• Married couple as a Sole Proprietorship:  

    • If you are in a community property state you jointly have 100% of the liability for business activities

    • If you are not in a community property state this type of business formation may not be allowed - if it is, check with your state's laws on liability

  • General Partnership:  Unless you have a contract saying otherwise you each jointly share 100% of the liability for business activities.  Yes, even though you only each own 50% of the company.  

 

 

Two of the most commonly asked about topics with financial implications are:

 

1.  Taxes:

 

  • Sole Proprietorship:  The business will not file it's own federal income tax return; it is considered a pass-through entity.  When you file your personal federal income tax return you will include the businesses earnings or losses along with your personal income and file one federal tax return.  State income taxes laws vary from state to state and it is recommended that you seek professional help with filing your businesses taxes.

 

Sales taxes (if your business is required to collect sales tax) are filed separately from income taxes and are paid to the state and or local taxing authorities.  Consult your state comptrollers office or state tax office for your states rules.

 

  • Married couple as a Sole Proprietorship:  Income tax laws vary from state to state and it is recommended that you seek professional help with filing your businesses taxes.  Your choice of how you file (Jointly, separately etc.) can have an impact on the advice your tax professional gives you - make you sure you tell her/him everything they need to know to help you file accurately.

 

Sales taxes (if your business is required to collect sales tax) are filed separately from income taxes and are paid to the state and or local taxing authorities.  Consult your state comptrollers office or state tax office for your states rules.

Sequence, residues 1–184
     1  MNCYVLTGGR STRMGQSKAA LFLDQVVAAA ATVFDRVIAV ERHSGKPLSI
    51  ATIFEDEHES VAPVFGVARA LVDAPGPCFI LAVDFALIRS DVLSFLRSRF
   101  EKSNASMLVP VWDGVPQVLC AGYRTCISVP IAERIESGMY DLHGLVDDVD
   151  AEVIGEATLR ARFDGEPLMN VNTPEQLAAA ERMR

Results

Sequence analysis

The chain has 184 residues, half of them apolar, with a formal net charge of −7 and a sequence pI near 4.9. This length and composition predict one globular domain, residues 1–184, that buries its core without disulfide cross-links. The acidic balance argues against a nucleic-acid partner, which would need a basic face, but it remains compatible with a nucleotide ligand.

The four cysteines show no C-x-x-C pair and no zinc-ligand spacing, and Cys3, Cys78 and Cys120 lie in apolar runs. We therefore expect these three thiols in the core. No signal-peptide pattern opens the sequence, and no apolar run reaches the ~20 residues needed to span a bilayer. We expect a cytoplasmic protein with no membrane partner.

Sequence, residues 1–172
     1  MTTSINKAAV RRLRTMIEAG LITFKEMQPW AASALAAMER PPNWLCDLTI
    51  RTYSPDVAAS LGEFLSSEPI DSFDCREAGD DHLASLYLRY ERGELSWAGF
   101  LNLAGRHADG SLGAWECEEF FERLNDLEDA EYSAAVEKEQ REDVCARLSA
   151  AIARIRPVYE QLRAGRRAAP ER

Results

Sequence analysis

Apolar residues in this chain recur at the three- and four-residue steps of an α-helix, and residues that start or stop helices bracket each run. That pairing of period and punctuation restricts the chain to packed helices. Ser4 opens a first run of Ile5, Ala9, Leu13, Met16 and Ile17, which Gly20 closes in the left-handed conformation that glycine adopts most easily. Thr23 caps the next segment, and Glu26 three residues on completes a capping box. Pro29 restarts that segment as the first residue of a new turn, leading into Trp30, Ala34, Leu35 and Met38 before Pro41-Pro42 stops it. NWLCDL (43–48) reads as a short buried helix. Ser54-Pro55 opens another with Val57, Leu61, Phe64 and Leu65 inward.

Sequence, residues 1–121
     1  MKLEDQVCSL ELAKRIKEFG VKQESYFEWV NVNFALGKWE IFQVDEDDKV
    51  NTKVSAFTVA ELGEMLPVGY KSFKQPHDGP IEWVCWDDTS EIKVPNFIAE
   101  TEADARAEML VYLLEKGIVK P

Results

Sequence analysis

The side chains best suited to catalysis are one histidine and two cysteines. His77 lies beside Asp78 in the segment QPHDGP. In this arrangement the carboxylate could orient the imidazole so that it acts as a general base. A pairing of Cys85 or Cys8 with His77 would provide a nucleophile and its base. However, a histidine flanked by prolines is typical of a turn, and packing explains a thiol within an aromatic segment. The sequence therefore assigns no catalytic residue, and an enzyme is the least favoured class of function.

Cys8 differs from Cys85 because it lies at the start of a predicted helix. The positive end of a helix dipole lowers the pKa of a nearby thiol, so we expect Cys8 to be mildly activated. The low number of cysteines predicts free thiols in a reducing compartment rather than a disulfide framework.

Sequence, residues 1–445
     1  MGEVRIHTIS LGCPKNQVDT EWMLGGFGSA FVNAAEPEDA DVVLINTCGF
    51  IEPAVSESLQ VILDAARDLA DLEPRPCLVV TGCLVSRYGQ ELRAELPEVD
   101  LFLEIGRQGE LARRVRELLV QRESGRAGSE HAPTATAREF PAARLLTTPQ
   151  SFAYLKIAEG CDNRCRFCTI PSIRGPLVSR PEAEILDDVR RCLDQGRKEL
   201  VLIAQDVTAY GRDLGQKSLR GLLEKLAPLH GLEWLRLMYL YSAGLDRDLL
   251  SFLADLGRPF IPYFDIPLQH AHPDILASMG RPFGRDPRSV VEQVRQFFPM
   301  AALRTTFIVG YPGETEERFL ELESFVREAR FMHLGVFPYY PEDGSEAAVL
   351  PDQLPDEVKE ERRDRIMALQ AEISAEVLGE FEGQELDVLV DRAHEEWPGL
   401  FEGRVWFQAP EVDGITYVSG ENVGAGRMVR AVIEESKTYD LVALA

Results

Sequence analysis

• General Partnership:  The business will not file it's own federal income tax return; it is considered a pass-through entity. When each partner files their personal federal income tax return each will include the appropriate portion of the businesses earnings or losses along with their personal income and file one federal tax return each.  State income taxes laws vary from state to state and it is recommended that you and your partner seek professional help with filing your businesses taxes.

 

Sales taxes (if your business is required to collect sales tax) are filed separately from income taxes and are paid to the state and or local taxing authorities.  Consult your state comptrollers office or state tax office for your states rules. 

 

 

2.  How much it costs to get started:

  • Your city or county clerk will charge a fee to record your DBA.  This is usually between $15 - $50 but some some counties and cities charge more.

 

  • Minimum deposits for a business bank account are usually between $50 - $100 and will often cost about $10 per month to maintain.

 

  • Getting and EIN from the IRS is free.  This is like your businesses federal ID#. You don't need to pay someone to get it for you

 

  • Getting DUNS # is free.  This is an ID used by many governmental entities to track their venders.  You don't need to pay someone to get it for you.

 

  • Business liability insurance will cost more or less depending on the type of risks your business has and the amount of coverage you need.  Talk to a few local insurance brokers or agents with a good reputation to get quotes from and choose the one you like best.

 

  • Not all businesses can afford a lawyer early on and some businesses do fine for a while without an lawyer.  But like insurance, lawyers help reduce risk so as your business grows finding a layer you trust and get along with is a good idea.  If you have legal concerns because of specific issues related to your business it is better to talk to a lawyer sooner than later.  Legal matters typically don't get better with age.

 

 ** Reminder:  This information is not legal or professional financial advice.  This is educational material provided for educational purposes only.  This information has not been reviewed by an attorney or licensed financial services provider.

 

The information provided above are simple explanations for potentially complex issues, questions about your specific situation should be asked to qualified professionals.